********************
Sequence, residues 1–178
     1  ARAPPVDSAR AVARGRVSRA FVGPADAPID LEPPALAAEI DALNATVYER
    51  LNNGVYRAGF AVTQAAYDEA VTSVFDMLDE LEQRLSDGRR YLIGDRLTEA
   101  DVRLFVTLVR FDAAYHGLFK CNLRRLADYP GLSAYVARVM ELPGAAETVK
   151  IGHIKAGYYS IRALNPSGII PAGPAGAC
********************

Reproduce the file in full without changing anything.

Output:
Sequence, residues 1–178
     1  ARAPPVDSAR AVARGRVSRA FVGPADAPID LEPPALAAEI DALNATVYER
    51  LNNGVYRAGF AVTQAAYDEA VTSVFDMLDE LEQRLSDGRR YLIGDRLTEA
   101  DVRLFVTLVR FDAAYHGLFK CNLRRLADYP GLSAYVARVM ELPGAAETVK
   151  IGHIKAGYYS IRALNPSGII PAGPAGAC